The financial ecosystem in Copenhagen has developed into a stronghold over the past decades. Now, Copenhagen is gradually becoming a preferred location for global financial institutions looking for a domicile in the EU.
For several years, Copenhagen has been lagging cities like Amsterdam, Stockholm and Frankfurt when it comes to attracting foreign financial institutions. However, according to a report from Deloitte, there is reason to believe that this paradigm is shifting. The Danish capital is one of the most attractive locations for investment banks, asset managers and fintechs
Based on an analysis of nine location parameters, which are generally considered important when re-locating a financial company, the Deloitte-report ranks Copenhagen higher than London, Dublin, Luxembourg, Amsterdam, Paris, Frankfurt, Berlin and Stockholm. The nine parameters are access to talent, taxation, regulation, political & macroeconomic stability, connectivity, cost level, ease of doing business, liveability and digital maturity.
High living standards, flexicurity and digital maturity give Denmark and Copenhagen a strong position, when comparing with other locations. However, it is not well known outside Denmark. Copenhagen Financial Hub, a public-private partnership, is working to promote the financial ecosystem in Copenhagen and to attract international financial companies.
Establishing a business in another country is a long haul and not something you do overnight; it is important that they know about the favourable conditions in Copenhagen
Anders Klinkby, project manager for Copenhagen Financial Hub
The steering group is headed by Hans-Ole Jochumsen who returned to Denmark after a long career on stock exchanges in New York, London and Stockholm. Among the 11 other executive-level participants in the steering group are Allan Polack (CEO of PFA), Christian Clausen (board member at Blackrock), Michael Dithmer (Permanent Secretary at the Ministry of Business, Industry and Financial Affairs), Marianne Philip (partner at Kromann Reumert), Thomas Krogh Jensen (CEO of Copenhagen Fintech) and Claus Lønborg (CEO of Copenhagen Capacity).
Hans-Ole Jochumsen points to the Danish pension sector, investment community and fintech as the major strengths in the Danish financial system.
“Danish pension funds are big and highly sophisticated investors, and that makes them interesting customers for global asset managers and investment banks as well as potential partners for fintechs. We are a small country but our pension funds are large investors, also on a global scale. There is a great international interest in working with the Danish pension funds,” Jochumsen says.
Partnerships with fintech companies
The fintech ecosystem in Copenhagen is blooming and accelerating the technical development, also within asset management and pensions. It is a global trend that the established part of the financial sector is dependent on sourcing the innovation that is taking place in smaller and more agile companies. Access to these partnerships is an important selling point for the Danish fintech scene. According to Anders Klinkby, Project Director for Copenhagen Financial Hub, pension funds as well as banks and insurance companies are potential partners and strategic investors that can help fintechs develop and scale their business.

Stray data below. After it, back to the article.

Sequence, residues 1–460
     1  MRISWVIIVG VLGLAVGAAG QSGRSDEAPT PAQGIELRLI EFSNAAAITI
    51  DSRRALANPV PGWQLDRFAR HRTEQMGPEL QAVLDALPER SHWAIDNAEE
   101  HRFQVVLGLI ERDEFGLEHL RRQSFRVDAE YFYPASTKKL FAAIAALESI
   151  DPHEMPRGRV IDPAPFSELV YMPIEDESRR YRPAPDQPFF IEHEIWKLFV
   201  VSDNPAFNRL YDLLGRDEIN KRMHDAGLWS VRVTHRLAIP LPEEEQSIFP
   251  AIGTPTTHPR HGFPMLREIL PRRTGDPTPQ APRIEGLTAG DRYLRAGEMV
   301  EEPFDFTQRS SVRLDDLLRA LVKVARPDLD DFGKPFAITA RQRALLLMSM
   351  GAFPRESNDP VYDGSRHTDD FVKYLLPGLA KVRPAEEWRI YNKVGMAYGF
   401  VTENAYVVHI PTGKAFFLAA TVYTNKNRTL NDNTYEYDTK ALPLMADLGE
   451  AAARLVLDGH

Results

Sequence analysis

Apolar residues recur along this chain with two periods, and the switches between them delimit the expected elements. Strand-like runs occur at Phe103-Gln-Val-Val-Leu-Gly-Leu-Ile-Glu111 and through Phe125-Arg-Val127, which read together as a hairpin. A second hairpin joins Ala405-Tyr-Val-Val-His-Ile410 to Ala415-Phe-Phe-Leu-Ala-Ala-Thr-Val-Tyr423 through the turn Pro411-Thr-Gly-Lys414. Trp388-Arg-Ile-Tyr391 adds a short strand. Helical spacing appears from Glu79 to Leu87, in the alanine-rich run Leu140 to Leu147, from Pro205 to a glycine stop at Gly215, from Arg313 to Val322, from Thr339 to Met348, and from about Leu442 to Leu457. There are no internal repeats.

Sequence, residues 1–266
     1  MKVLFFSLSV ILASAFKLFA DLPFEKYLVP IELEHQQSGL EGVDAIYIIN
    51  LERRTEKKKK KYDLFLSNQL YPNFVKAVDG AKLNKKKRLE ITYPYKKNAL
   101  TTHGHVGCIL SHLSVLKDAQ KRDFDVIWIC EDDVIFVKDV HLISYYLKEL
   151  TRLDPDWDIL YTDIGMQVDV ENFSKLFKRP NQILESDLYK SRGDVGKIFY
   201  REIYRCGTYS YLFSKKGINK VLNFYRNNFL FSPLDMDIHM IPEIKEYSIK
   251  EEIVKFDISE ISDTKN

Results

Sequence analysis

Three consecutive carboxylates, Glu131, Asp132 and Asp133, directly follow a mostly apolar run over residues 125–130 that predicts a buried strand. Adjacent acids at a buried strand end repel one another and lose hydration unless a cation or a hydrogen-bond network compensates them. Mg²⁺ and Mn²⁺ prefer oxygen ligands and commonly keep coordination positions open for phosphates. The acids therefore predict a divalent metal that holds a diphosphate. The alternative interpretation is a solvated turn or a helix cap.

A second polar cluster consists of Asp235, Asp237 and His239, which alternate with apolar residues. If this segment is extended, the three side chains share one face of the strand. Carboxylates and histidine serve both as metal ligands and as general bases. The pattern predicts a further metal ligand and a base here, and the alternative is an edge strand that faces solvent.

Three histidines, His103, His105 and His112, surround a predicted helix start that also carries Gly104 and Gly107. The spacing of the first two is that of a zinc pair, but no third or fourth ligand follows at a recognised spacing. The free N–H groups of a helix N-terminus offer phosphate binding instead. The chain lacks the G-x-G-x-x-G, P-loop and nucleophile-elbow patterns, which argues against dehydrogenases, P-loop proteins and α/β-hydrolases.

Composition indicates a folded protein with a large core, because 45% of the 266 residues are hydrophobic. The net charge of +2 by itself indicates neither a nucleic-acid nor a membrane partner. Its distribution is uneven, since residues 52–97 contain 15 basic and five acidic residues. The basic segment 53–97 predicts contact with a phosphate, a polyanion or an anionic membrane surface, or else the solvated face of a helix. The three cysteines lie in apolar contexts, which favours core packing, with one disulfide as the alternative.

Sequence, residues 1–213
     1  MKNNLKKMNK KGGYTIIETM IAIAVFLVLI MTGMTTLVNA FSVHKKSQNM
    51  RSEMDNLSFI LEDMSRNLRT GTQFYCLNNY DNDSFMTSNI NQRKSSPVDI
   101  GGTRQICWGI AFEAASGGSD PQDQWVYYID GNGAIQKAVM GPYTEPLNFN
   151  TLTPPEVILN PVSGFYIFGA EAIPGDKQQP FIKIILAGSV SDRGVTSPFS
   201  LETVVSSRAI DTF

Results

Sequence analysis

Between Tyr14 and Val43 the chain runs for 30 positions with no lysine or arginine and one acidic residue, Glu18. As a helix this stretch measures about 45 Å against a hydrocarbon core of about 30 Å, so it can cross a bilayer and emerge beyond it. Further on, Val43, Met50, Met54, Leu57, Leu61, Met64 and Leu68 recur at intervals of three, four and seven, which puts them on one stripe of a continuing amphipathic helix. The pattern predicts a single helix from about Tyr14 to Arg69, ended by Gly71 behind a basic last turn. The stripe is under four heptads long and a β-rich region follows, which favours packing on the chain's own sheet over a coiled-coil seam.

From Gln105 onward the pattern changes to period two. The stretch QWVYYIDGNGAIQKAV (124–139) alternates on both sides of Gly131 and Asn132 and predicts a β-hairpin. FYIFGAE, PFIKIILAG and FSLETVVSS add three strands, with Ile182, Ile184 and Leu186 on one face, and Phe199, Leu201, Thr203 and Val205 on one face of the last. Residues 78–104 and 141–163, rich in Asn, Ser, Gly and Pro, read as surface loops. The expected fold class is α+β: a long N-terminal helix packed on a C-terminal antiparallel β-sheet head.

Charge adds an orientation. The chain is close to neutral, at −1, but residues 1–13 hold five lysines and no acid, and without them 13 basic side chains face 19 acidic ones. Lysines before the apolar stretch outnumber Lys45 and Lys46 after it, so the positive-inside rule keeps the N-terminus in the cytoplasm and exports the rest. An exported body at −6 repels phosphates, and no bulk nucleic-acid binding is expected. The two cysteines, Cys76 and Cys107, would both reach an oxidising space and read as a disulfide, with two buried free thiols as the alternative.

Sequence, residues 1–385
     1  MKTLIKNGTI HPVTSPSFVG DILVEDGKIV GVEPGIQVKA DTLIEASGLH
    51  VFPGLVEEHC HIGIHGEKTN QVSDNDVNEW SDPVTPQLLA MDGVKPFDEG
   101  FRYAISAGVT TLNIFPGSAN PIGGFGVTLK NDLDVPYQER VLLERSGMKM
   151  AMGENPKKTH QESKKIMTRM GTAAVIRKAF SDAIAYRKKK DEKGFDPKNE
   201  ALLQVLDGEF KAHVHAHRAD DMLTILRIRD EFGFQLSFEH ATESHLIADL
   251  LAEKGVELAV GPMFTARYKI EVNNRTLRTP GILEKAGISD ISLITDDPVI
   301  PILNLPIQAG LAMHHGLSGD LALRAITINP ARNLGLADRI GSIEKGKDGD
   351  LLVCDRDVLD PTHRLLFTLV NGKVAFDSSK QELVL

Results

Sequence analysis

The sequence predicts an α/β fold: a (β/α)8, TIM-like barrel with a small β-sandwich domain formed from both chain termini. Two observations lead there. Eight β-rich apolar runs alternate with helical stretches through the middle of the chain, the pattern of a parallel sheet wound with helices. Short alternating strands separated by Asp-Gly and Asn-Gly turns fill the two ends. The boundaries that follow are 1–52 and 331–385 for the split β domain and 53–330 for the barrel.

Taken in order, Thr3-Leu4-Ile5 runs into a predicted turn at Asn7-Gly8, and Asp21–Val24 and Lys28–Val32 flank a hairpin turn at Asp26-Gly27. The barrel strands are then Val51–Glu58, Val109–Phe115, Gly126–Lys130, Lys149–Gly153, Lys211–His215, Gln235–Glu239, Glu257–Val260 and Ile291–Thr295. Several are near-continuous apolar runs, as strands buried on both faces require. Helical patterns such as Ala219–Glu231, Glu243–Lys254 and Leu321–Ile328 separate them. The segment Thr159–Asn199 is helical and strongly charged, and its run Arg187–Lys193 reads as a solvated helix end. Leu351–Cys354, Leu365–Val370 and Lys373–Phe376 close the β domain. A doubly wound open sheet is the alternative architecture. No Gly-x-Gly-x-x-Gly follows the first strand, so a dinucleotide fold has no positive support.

“Much of the development activity within the investment industry focuses on technological innovation. Large investment firms invest heavily in innovation, and there is a clear trend that new technology and traditional investing are converging – which could benefit Danish fintech startups and the Danish financial ecosystem as a whole,” says Klinkby. “We have good arguments why international investment firms should consider partnering with Copenhagen Fintech or set up a development unit in Copenhagen.”
The fintech ecosystem in Copenhagen has boosted innovation tremendously over the last couple of years. Klinkby highlights Danish fintech scale-ups as Pleo and Tradeshift that now have the numbers to show that it is possible to build billion-dollar fintech companies from the region. Three years ago, there were around 100 fintech startups in Denmark – that number has now increased to more than 230 fintech companies. A large number of these companies are focused on investing, wealth management and pension.
Copenhagen Financial Hub is working closely together with Copenhagen Fintech. Copenhagen Fintech has boosted fintech innovation in Denmark over the past three years.
“A great deal of work has been done by Copenhagen Fintech, and collaboration with the sandbox initiative made by The Danish Financial Supervisory Authority shows that the regulatory institutions are open to talking to startup companies and fast track their development,” says Marianne Philip, Partner at Kromann Reumert.
With a new EU comes new opportunities
The rapid technological progress within the financial sector is increasingly intensifying international competition. At the same time, Brexit opens possibilities to attract companies from overseas that are based in London and want to remain domiciled within the EU.
“We are still to see how Brexit will shape a new Europe, but there is no doubt that many international companies will be forced to decide on how to position themselves in Europe after it is a reality. We have a real opportunity to attract high-value jobs, but we also expect that there will be tough competition from other countries in the EU,” Philip says.
“Global financial institutions have realised that they need to move closer to the customers. In combination with Brexit that means that many are moving out of London and into continental Europe. Now our job is to make these stakeholders aware of the great potential Copenhagen holds,” says Marianne Philip.